European countries are struggling to persuade people to switch from combustion engine cars to electric ones, experts warn.
Europe sells 10 times more electric cars today than it did just six years ago, according to the International Energy Agency, but its fleet is cleaning up too slowly to meet its climate goals. Governments across the continent are struggling with the price-tag of electric vehicles, which can cost several thousand euros more upfront than comparable ones that burn fossil fuels.
“What we have learned is that it’s not enough just to incentivise electric vehicle purchase and ownership,” said Julia Poliscanova, an analyst at campaign group Transport and Environment. “You also have to disincentivise the purchase of conventional cars at the same time.”
The EU’s move to cleaner cars is part of its promise to cut planet-heating pollution 65% from 1990 levels by the end of the decade, and hit net zero by 2045. But even as it has slashed emissions in its power sector, putting up wind turbines and shutting down coal plants, emissions from road transport have risen steadily in the background.
Transport was the “problem child” of climate protection, said Christian Hochfeld, head of Agora Verkehrswende, a clean transport thinktank in Germany. Because most alternatives to cars took time and money to build, the full switch to electric vehicles was “the most critical issue” for reducing emissions in the next decade, he said.
The EU plans to bring car emissions down by 55% from 2021 levels by the end of the decade, and to zero by 2035. But customers are put off by the high upfront price of electric cars, even if they pay off in the future through lower running costs.
To help counter this, countries across Europe offer customers financial incentives to buy cleaner cars. According to the European Automobile Manufacturers’ Association (ACEA), 21 of the 27 EU member states offer tax breaks when buying a low-carbon car, while 20 offer money to help with the purchase.
Romania offers as much as €11,500 to people buying an electric vehicle. Belgium has incentives for company cars, which form the bulk of its new car sales and serve as a pipeline to the secondhand market that more people can afford. Italy and Spain contribute to the cost of infrastructure to charge electric vehicles. France offers a €5,000 purchase bonus and exempts electric vehicles from penalties based on weight.
“It’s not perfect, but what the French are doing is really going in the right direction,” said Poliscanova.
In a bid to persuade poorer households to use electric cars, France has announced plans for a social leasing scheme that would let “those who need it most” rent an electric car for €100 a month. The government is particularly wary of green policies that raise costs for poorer households after an attempt to raise fuel taxes in 2018 sparked widespread riots and gave rise to the “yellow vest” protest movement.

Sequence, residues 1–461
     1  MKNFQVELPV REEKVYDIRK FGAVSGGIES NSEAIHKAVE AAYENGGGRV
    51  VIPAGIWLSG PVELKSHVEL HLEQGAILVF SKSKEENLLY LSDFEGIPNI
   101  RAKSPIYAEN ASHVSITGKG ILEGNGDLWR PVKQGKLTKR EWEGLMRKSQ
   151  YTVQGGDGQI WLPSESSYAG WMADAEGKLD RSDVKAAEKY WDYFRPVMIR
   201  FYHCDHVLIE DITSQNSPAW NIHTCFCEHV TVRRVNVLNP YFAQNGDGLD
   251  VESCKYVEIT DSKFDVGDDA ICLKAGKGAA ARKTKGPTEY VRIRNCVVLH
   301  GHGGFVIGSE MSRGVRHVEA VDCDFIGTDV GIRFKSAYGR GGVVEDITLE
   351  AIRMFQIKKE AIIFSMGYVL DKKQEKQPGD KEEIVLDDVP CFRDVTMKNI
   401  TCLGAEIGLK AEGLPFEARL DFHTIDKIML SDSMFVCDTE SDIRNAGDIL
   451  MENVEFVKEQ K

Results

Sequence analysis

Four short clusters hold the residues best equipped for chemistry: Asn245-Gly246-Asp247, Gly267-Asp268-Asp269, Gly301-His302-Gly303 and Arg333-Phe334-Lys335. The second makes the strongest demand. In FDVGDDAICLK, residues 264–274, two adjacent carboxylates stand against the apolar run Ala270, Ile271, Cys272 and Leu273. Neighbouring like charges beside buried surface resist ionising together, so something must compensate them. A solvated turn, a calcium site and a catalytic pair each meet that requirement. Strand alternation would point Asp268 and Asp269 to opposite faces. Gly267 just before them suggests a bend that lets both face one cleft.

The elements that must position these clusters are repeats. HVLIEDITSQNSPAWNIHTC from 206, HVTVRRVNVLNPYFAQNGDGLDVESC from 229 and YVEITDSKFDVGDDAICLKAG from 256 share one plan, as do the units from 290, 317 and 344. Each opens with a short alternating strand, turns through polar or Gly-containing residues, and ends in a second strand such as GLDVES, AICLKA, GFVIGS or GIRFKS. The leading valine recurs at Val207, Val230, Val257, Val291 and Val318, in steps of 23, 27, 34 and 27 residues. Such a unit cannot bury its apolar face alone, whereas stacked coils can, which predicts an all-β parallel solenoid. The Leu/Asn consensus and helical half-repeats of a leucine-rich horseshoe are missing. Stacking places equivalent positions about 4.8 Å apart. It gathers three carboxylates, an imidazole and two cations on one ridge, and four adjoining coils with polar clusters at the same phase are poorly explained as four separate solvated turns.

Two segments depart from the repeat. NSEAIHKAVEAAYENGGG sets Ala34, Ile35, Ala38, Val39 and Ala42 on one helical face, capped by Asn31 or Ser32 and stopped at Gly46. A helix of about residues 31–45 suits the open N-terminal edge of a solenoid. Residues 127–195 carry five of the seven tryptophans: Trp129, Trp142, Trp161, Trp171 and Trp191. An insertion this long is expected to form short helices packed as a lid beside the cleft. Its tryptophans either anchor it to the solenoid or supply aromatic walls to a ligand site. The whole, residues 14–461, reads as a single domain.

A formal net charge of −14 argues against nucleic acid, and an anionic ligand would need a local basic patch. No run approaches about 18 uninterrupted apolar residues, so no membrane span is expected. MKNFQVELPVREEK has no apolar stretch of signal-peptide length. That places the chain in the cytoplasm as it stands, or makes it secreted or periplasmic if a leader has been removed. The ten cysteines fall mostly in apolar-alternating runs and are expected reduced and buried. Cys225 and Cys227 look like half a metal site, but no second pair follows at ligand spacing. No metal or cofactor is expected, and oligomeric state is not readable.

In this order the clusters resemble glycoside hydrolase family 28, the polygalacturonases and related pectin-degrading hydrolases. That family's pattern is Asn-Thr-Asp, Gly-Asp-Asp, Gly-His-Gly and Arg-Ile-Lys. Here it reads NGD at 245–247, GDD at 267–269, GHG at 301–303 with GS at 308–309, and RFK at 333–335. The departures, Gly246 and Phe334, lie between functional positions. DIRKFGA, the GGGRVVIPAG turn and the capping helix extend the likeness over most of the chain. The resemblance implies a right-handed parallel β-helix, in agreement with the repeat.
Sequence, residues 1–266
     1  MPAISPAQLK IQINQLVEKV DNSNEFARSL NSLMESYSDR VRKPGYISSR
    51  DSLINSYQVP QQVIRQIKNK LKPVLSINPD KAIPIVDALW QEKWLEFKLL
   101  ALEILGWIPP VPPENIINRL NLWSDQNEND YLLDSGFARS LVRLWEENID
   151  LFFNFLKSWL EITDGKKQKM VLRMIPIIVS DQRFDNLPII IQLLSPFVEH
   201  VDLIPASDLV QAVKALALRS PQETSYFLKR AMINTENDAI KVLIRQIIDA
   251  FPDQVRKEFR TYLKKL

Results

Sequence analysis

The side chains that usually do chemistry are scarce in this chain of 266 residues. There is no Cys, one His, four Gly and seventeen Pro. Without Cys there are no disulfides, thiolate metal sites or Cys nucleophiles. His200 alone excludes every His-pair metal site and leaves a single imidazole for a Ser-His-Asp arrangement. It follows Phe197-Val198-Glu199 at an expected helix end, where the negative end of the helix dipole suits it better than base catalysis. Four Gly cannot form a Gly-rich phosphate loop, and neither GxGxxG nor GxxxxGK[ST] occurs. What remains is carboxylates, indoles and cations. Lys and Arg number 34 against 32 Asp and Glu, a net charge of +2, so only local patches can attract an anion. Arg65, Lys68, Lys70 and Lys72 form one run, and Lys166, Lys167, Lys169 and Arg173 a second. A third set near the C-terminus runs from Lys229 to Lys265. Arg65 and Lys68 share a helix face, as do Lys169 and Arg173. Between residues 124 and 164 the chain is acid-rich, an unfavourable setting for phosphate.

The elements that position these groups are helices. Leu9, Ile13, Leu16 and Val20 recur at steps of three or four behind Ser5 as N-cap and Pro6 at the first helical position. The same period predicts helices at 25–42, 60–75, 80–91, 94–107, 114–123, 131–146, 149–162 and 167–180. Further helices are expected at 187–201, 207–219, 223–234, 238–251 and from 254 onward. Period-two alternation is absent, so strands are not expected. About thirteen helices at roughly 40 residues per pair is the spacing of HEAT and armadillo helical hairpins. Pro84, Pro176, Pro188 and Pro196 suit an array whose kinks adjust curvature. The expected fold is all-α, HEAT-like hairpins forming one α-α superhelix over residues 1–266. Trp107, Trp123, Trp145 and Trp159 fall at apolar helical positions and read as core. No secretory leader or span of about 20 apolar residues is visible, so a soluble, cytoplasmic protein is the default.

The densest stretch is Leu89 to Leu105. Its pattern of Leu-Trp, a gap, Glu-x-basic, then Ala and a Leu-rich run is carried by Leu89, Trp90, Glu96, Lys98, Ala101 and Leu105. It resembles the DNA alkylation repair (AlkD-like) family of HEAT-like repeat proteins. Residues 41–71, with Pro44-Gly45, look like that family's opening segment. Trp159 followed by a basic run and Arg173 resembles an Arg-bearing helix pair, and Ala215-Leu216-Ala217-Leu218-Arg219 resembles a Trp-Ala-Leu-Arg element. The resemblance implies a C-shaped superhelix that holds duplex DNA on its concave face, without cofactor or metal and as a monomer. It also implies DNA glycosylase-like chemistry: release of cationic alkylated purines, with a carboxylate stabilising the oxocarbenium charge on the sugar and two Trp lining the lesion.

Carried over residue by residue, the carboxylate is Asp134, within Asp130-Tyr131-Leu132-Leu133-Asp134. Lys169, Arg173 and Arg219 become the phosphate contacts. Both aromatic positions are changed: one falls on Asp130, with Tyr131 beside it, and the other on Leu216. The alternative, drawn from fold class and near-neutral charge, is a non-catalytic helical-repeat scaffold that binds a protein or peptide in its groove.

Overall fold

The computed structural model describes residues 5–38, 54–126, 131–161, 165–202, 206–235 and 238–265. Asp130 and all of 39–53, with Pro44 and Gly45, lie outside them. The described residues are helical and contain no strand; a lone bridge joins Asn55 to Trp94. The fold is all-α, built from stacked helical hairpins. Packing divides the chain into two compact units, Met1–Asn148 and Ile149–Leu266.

French president Emmanuel Macron, who trumpeted the scheme before elections last year, is yet to set out a concrete plan of how it will work. But the political signal had already encouraged some French carmakers to move towards small and cheap electric cars, instead of heavy and expensive ones, said Poliscanova.
In Germany, meanwhile, the government has cut subsidies for electric vehicles as the number of people buying them has soared.
“It’s not sustainable to put out subsidies as high as we did in the past,” said Hochfeld, “and it’s also not socially fair because everyone in Germany – every taxpayer – pays for this transition, even if they don’t have a car.”
Germany is Europe’s biggest polluter and car market. While it taxes car ownership and provides an exemption for electric vehicles, it does not tax car acquisition, the point at which consumers decide whether to buy the vehicle.
It would be fairer to tax vehicles at the point of purchase and subsidise electric vehicles through that, said Hochfeld.
“Why should a nurse pay for the electric vehicle of a dentist … who’s able to buy a big SUV with subsidies? That’s not fair. But if the lawyer buying a combustion engine car would pay for the dentist who buys an electric vehicle? I would say that’s OK.”
Marc Lüers, managing director of online marketplace Carwow, said that the German car market had “flipped” since the war in Ukraine, with demand for electric cars in particular suffering from rising inflation and falling subsidies.
Apart from the price of the vehicle, he added, “the two largest concerns of electric vehicle-buyers in Germany are charging infrastructure and the price of electricity”.
Just seven EU countries offer incentives for charging infrastructure, according to the ACEA.
To boost uptake of electric cars, the quantity of different policies mattered as well as the quality, said Gracia Brückmann, an energy researcher at the University of Berne.
In Norway, for instance, where 9 in 10 new cars sold are electric or hybrids, the government provided a range of incentives for electric vehicles as early as the 1990s, which it later phased out. As well as tax breaks, the government offered free parking, access to ferries and the right to drive in bus lanes.
This helped governments find the right fit for each person, said Brückmann. “The more policies you have in place, the lower your car fleet’s total emissions gets over time.”
Source : The Guardian